Monday, February 12, 2007
I have mentioned this before, but a particular pleasure of Scottish paddling is seeing her great maritime castles from a new perspective. The romantic cliff top Culzean Castle was built between 1777 and 1792 by Robert Adam for David Kennedy, 10th Earl of Cassillis. It is built round the original keep walls and the famous oval staircase occupies almost all of the interior of the keep.
The top floor of the round tower forms part of the Eisenhower Suite. This was gifted to General Eisenhower by the Scottish people after WW2. He visited the suite 4 times.
Culzean estate is literally littered with interesting buildings. This is the Dolphin House which was originally the castle laundry. It is built right on the high water mark, on a raised beach at the foot of a cliff. It is now an outdoor education centre.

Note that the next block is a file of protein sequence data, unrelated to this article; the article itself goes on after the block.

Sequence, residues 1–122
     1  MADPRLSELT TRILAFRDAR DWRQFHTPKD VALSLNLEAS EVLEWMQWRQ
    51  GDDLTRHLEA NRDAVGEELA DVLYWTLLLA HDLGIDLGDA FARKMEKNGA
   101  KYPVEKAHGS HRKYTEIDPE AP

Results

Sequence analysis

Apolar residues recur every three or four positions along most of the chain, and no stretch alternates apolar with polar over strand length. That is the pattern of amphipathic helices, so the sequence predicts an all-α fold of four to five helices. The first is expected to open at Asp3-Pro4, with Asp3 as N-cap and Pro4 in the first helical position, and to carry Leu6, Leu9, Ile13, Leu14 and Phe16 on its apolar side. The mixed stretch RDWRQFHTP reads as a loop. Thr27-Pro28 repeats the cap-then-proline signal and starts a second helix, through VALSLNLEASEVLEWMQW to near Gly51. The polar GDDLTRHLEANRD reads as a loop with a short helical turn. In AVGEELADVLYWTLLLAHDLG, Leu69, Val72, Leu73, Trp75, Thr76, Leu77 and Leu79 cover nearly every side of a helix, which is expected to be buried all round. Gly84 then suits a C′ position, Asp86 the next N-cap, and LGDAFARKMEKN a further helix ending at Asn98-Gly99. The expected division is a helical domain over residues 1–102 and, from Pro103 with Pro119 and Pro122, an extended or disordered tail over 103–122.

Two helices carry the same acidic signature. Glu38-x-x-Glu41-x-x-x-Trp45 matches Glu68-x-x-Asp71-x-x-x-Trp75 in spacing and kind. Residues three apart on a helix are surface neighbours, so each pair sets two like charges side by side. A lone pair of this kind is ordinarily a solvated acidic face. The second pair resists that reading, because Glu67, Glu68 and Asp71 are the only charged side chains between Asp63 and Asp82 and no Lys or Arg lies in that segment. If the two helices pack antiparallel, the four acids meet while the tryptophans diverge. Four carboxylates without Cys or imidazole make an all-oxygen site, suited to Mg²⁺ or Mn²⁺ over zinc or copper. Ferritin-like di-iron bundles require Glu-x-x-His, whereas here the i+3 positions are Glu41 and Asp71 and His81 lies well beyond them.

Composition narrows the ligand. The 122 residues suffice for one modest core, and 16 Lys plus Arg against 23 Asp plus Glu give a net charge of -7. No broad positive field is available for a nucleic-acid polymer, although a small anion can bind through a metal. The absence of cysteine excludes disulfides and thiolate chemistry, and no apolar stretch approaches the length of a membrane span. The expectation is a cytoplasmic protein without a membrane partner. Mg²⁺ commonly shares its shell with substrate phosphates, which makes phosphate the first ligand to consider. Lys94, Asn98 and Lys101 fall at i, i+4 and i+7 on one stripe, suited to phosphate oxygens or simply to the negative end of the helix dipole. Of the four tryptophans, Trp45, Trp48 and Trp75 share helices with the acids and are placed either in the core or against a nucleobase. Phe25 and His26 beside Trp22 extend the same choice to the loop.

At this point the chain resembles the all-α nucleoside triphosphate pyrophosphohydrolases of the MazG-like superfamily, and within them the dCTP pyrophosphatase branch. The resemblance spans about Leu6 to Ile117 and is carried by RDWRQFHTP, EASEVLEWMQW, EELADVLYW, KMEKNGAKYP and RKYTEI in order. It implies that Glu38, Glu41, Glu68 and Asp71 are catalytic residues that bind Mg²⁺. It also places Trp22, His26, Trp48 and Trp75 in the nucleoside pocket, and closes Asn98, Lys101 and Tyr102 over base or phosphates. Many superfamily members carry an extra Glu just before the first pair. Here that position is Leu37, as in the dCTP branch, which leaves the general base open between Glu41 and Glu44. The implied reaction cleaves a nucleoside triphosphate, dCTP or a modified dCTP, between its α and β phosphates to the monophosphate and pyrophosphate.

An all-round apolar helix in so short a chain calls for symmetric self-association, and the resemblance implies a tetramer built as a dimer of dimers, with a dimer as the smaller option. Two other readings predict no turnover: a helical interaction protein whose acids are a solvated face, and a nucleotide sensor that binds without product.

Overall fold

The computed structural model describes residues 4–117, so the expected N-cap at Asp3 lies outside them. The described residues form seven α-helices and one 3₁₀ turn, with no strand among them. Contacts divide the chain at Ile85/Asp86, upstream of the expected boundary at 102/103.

This is the Gazebo, which is perched at the north east end of the cliffs. Like many buildings at Culzean, such as the Ruined Arch at the main entrance, it was built as a ruin.
Not all the buildings were decorative. Below the Gazebo lies the gas house. Coal gas (or town gas) was discovered by William Murdoch a prolific Scottish inventor, chemist and engineer. Murdoch was born in Ayrshire, not very far from Culzean. The gas house at Culzean was the first in Scotland and lit the castle until 1940. Coal was brought in to the little jetty below the gas house and, even today, you can still find occasional pieces of coal at low tide. Another Scottish inventor, "Tar" John McAdam, invented metalled roads and laid the first stretch of tarmac on the Carrick Hills just north of Culzean.